Thursday, December 19, 2013

Functionally illiterate lawyers helping functionally illiterate police keep their stories straight?

Good Day Readers:

This Supreme Court of Canada decision makes a lot of sense. Don't know the significance but ever notice what seems to be a disproportionate number of left-handed police? Wonder if the same is true for lawyers.

Clare L. Pieuk
Supreme Court bars lawyers from coaching police writing notes for SIU probe

Canada's top court upholds a ruling that officers can't have lawyers vet incident reports they've submitted to the Special Investigations Unit

By Tim Alamenciak, News Reporter
Doug Minty was shot by police after approaching them holding a knife

Ruth Schaeffer and Evelyn Minty’s four-year legal battle ended in victory Thursday as Canada’s highest court ruled police officers under investigation are not permitted to have lawyers vet or assist with writing their notes before they’re submitted to the Special Investigations Unit.

Schaeffer’s schizophrenic son, Levi, 30, was shot and killed by an OPP officer in a secluded area near Pickle Lake, Ontario in 2009.

“If police have to write their own notes and are not assisted by a lawyer, and their notes are not enhanced by a lawyer, then the next mother of somebody who’s been shot by police will know what happened,” said Schaeffer. “I will never know what happened to my son.”

Schaeffer said getting to the Supreme Court of Canada decision, which she calls “a very significant and necessary first step in a process to fix a very broken system,” has cleaned out her life savings.

“It's all gone. Every cent,” said Schaeffer. “It’s gone, and I believe that that’s the best spent money ever. I don't regret that in the least.”

Minty’s 59-year-old son, Douglas Minty, was shot and killed by an OPP officer in 2009.

“It’s been a long road,” said Minty. “We won.”

In both cases, police were told to consult legal counsel before writing down their recollections of the events that led to the deaths of the men.

The SIU determined no charges should be laid but raised concern with the note-taking practices. In Schaeffer’s case, an officer waited two days before writing his notes.

The ruling, written by Supreme Court Justice Michael Moldaver on behalf of the majority, calls for notes to be written immediately after the incident and without discussion with a lawyer.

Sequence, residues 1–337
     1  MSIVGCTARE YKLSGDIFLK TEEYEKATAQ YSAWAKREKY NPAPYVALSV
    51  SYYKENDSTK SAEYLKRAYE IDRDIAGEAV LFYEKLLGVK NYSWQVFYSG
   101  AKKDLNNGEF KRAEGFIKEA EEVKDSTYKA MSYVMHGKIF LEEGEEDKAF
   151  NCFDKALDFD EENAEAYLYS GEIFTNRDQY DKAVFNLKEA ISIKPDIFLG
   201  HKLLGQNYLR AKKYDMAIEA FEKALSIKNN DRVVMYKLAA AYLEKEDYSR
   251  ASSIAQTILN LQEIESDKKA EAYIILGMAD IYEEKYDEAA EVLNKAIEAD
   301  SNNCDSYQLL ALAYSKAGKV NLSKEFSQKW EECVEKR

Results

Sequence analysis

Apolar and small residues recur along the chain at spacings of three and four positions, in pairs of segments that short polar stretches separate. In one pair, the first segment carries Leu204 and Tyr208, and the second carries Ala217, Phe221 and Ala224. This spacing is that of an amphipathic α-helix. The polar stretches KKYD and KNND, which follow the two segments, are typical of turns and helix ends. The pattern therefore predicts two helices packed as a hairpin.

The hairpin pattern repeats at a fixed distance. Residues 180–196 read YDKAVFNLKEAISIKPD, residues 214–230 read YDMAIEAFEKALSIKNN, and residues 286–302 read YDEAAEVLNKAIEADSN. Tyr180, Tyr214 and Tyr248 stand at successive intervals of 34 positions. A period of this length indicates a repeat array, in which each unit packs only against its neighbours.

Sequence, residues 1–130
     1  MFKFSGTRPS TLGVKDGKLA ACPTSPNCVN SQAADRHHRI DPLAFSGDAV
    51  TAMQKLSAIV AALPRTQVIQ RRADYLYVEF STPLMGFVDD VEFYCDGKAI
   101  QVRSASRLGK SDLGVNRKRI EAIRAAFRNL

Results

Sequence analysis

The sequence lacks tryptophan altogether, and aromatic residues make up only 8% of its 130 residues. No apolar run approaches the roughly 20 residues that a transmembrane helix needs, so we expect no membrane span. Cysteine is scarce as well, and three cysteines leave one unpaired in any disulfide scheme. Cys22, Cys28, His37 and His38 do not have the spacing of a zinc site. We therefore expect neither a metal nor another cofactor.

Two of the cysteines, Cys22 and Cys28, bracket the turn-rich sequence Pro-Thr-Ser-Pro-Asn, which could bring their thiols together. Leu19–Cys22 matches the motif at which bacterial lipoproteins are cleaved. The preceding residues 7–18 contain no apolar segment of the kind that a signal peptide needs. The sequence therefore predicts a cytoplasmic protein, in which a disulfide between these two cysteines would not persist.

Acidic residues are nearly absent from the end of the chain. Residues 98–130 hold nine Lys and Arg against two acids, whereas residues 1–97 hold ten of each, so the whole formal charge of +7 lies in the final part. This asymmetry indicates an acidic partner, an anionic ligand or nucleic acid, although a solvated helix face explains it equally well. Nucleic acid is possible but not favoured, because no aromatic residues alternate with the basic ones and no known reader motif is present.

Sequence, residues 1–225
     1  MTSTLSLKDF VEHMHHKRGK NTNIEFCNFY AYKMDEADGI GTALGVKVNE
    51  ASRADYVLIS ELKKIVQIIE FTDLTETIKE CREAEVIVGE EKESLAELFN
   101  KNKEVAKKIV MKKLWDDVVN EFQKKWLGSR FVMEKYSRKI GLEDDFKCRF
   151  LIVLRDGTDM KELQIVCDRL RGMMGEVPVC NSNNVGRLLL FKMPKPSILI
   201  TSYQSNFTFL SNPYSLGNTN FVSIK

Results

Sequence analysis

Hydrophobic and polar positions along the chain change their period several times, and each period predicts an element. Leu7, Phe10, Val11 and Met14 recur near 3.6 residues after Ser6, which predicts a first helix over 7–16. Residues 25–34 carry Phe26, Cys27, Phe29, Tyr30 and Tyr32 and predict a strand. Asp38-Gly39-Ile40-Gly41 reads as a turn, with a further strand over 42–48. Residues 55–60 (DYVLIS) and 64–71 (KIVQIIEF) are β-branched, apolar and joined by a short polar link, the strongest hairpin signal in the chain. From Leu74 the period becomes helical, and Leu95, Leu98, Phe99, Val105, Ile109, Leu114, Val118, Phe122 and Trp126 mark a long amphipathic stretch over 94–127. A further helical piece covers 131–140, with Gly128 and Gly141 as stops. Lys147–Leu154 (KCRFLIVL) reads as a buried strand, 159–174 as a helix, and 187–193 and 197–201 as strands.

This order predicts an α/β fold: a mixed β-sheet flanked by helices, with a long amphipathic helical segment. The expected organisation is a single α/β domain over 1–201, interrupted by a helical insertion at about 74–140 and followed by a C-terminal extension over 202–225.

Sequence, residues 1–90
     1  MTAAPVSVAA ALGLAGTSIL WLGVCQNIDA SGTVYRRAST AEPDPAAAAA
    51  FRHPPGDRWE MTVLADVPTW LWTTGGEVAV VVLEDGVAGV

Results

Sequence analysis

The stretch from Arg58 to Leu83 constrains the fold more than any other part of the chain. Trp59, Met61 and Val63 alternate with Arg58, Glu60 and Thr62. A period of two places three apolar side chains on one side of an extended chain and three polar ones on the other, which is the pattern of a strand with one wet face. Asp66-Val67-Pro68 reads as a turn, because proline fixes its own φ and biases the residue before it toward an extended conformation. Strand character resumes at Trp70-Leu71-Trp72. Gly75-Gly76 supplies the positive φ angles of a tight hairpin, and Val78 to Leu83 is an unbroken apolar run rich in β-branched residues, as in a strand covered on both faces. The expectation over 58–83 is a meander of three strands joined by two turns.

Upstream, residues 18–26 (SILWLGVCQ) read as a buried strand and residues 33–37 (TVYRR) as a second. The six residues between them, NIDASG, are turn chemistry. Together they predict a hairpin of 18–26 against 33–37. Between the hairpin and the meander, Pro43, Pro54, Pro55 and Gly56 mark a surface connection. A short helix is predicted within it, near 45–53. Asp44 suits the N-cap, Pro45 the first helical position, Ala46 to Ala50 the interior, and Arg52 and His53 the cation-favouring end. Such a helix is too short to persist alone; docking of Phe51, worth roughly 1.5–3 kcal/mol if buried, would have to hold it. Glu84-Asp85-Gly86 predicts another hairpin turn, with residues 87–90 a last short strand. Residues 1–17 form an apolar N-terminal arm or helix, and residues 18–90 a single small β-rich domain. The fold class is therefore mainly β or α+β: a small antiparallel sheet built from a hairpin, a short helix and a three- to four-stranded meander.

READ MORE: Wood v. Schaeffer, Supreme Court of Canada

“Permitting officers to consult with counsel before preparing their notes runs the risk that the focus of the notes will shift away from the officer’s public duty toward his or her private interest in justifying what has taken place. This shift would not be in accord with the officer’s duty,” Moldaver wrote.

Former SIU director Ian Scott called the move a huge step forward, noting that it vindicated a position he long fought for in the face of police opposition.

“It will guarantee that the notes that the SIU investigators rely upon, and ultimately the Director to decide whether there’s criminality, will be more independent,” Scott said in an interview with the Star. “It's an unprecedented day. You don’t get too many cases from the Supreme Court of Canada talking about civilian oversight and how to facilitate it.”

The current Director of the SIU, Tony Loparco, said the agency welcomes the decision.

“It will without question contribute, as the Court suggests, ‘to maintaining public confidence in the police and the justice system as a whole,’” he said in a statement on the agency’s website.

In November 2011, Ontario’s top court unanimously sided with the families of Minty and Schaeffer, but police lawyers appealed, triggering the latest hearing at the Supreme Court.

Julian Falconer, lawyer for the families, called the decision a “historic win.”

“What the Supreme Court of Canada has done is to actually protect confidence in policing,” said Falconer.

“This, above all, is a proud legacy in respect of the deaths of both Levi Schaeffer and Doug Minty.”

Jim Christie, president of the Ontario Provincial Police Association, said the move infringes on the right of police to access legal counsel.

“The highest court in the land has said that police officers categorically have less of a Charter protection than the rest of Canada. I’m not happy, with that but I’m glad for clarity,” Christie said. “They’re the law of the land, and we absolutely support it and we abide by it.”

Schaeffer said that throughout the case the families have been conscious of rights of police to legal counsel.

“As far as I’m concerned, they have the same rights that we do. But they also have extraordinary powers. They have the power of life and death over the citizenry in Ontario. Because of that they need to write their notes independently and contemporaneously, before the end of their shift, and then have a right to counsel,” she said.

Doug Minty’s brother, John Minty, agreed, noting that police perform a role that requires accountability.

“It’s a sacred trust as an institution. Your job is to look after the betterment of the people — and in this case, the people of Ontario,” he said. “This is a step in making them accountable, to act the way they should and to enhance the safety of everyone.”


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